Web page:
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Lessons Learned in Establishing a Clinical Sequencing Lab

by | Feb 20, 2015

In 2009, the Medical College of Wisconsin (MCW; Milwaukee) became one of the first in the nation to utilize whole-genome sequencing (WGS) for clinical, diagnostic purposes in patients unsuccessfully resolving diagnostic odysseys. In an invited commentary published July 17 in Science Translational Medicine, the founders of MCW’s Human and Molecular Genetic Center (HMGC) discuss lessons […]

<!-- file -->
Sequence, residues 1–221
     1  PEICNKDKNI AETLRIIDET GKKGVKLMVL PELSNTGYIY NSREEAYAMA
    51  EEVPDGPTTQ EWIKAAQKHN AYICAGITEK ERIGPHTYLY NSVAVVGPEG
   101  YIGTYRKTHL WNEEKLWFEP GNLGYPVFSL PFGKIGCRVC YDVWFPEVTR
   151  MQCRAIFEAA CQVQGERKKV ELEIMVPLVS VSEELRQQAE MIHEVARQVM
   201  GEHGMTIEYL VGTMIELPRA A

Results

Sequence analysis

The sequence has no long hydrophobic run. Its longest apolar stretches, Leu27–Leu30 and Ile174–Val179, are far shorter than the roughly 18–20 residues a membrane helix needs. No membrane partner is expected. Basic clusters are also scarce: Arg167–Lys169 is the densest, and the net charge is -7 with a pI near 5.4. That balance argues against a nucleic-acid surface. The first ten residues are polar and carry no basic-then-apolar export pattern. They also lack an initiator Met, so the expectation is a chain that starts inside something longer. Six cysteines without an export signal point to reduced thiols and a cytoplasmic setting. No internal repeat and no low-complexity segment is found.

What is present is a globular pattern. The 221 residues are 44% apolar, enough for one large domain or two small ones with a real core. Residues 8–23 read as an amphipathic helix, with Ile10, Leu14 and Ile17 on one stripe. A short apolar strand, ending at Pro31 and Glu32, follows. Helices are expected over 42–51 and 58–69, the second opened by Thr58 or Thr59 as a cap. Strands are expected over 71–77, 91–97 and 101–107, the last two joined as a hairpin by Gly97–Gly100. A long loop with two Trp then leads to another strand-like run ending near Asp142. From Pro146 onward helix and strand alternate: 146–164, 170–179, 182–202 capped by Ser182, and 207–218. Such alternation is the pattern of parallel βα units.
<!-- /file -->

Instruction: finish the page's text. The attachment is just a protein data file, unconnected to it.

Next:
In 2009, the Medical College of Wisconsin (MCW; Milwaukee) became one of the first in the nation to utilize whole-genome sequencing (WGS) for clinical, diagnostic purposes in patients unsuccessfully resolving diagnostic odysseys. In an invited commentary published July 17 in Science Translational Medicine, the founders of MCW’s Human and Molecular Genetic Center (HMGC) discuss lessons learned in converting a sequencing laboratory designed for research into a clinical program. They offer guidance regarding the practical, technological, economical, and ethical considerations that other laboratories planning their entry into clinical WGS and whole-exome sequencing must address. The genomics medical clinic successfully sequenced and diagnosed its first patient in 2009 in collaboration with Children’s Hospital of Wisconsin and Froedtert Hospital. However, the seed was planted for opening a clinical sequencing laboratory back in 2004 when Howard Jacob, Ph.D., HMGC’s director, and colleagues undertook a $100 million, two-year project to sequence a rat genome. Noting the significant improvement in sequencing efficiency from the $1 billion, 10-year human genome sequence, Jacob and colleagues thought it would be reasonable to assume that genome sequencing would be in the clinic by 2014, he tells DTTR. “Our clinical program is built around the principal idea that making a diagnosis is essential, even in cases where the results may not lead to better treatment” but can change the management plan for the patient, the authors write. To date MCW’s HMGC has sequenced more than 30 whole genomes and 70 whole exomes, primarily in children, yielding a definitive diagnosis in roughly 27 percent of cases for rare or undiagnosed diseases. The center suspects that in some of the 73 percent of unsolved cases WGS has identified the correct variants but there is currently no evidence in the literature supporting causality or clinical significance. Jacob says that while some definitive lessons have been learned, with each case HMGC continues defining and redefining its program. “Our initial concerns were cost and data accuracy, but the major challenges turned out to be the logistics of delivering genome sequence information to clinicians, how clinicians use the data, and how patients and their families deal with the secondary [incidental] findings,” the authors write in the paper. Jacob adds that while “with each case we have done we have learned something, we hope to get to a point where it is turnkey.” While some have argued for a strategy of outsourcing WGS to expert centers, the authors suggest that WGS will become more widespread in part because of advantages associated with local execution, including speed, compliant data storage, and easier interactions with the clinical team. The initial challenge, they say, will be overcoming clinicians’ perception that WGS is an expensive, nonuseful clinical tool. While recognizing that each integrated genomic medicine clinic will face some institution-specific considerations, the authors cite the following practical considerations for other labs to consider. Legal Compliance. New clinical genomics laboratories need to identify state and local laws and hospital guidelines that affect storage of clinical or laboratory data and samples. Future guidelines are expected to clarify the types of genomic sequence data that need to be disclosed to the patient and stored. (For more information on the returning of incidental findings, please Inside the Diagnostics Industry on page 5.) Workflow. Clinical application of WGS involves multiple personnel, including genetic counselors, clinical geneticists, pathologists, clinical laboratory personnel, bioinformaticians, and the ordering clinician. The founders of HMGC believe the ideal solution develops across departments to integrate all needed personnel and expertise. Analytical Processes. In clinical laboratories, clinical processes must be documented and validated. MCW has required some significant alterations to existing protocols, given that HMGC began as a research laboratory. “In a research lab it is a different mind-set. As part of the research, protocols are modified and evolve as [researchers] discover it is faster to do it one way or another,” Jacob says. “As a clinical lab you must lock down the protocols and there can’t be deviations. There is no difference in the technical abilities of the techs, it is just a different mind-set.” In order to obtain Clinical Laboratory Improvement Amendments certification and College of American Pathologists accreditation, HMGC developed and wrote 1,192 pages of standard operating procedures. HMGC also developed an in-house, tertiary analysis platform called CarpeNovo that is updated and revalidated every six months (a process that takes four weeks to six weeks). Clinician Education. Successful implementation is dependent upon clinicians seeing the value in WGS. “We built this clinic with clinicians based on what type of information they needed,” Jacob explains. “To tell them this will change medical practice in 10 years doesn’t help them with the patient they are going to see in 15 minutes.” Integrating Data. Electronic health records are currently not equipped to integrate comprehensive clinical and phenotype patient profiles with the variants discovered in the patient’s genome. To address these needs, MCW created an in-house software (ClinMiner) to integrate data sources and reporting languages. Reimbursement. While the cost of sequencing is expected to further decline, most insurers, including Medicaid, Medicare, and many private payers, will not yet pay for WGS. HMGC says they have had “some success” by demonstrating that the cost of sequencing one whole genome is more economical than ordering multiple genetic tests. “There is a lot of discussion of why it won’t work except for a few diseases and the cost. But the way I see it, it is not if [WGS] will change medicine, it is when. There is value in the genome to you, your family, and to society,” says Jacob. “People get uncomfortable because there are no easy answers—you can’t pull this off the web. Instead of thinking why not to do it, partner with someone. We challenge the fence-sitters to do 20 cases of their own and see whether WGS adds value to clinical decisionmaking. I would be shocked if a laboratory does 20 and doesn’t continue with it.” Takeaway: Whole-genome sequencing will permeate clinical medicine, initially primarily in cases of patients who have unsuccessfully undergone a diagnostic odyssey. While delivering genome sequence data to clinicians remains a challenge requiring institution-specific development of information solutions, the value WGS adds to clinical decisionmaking and an improving economic case will further sway early adopters.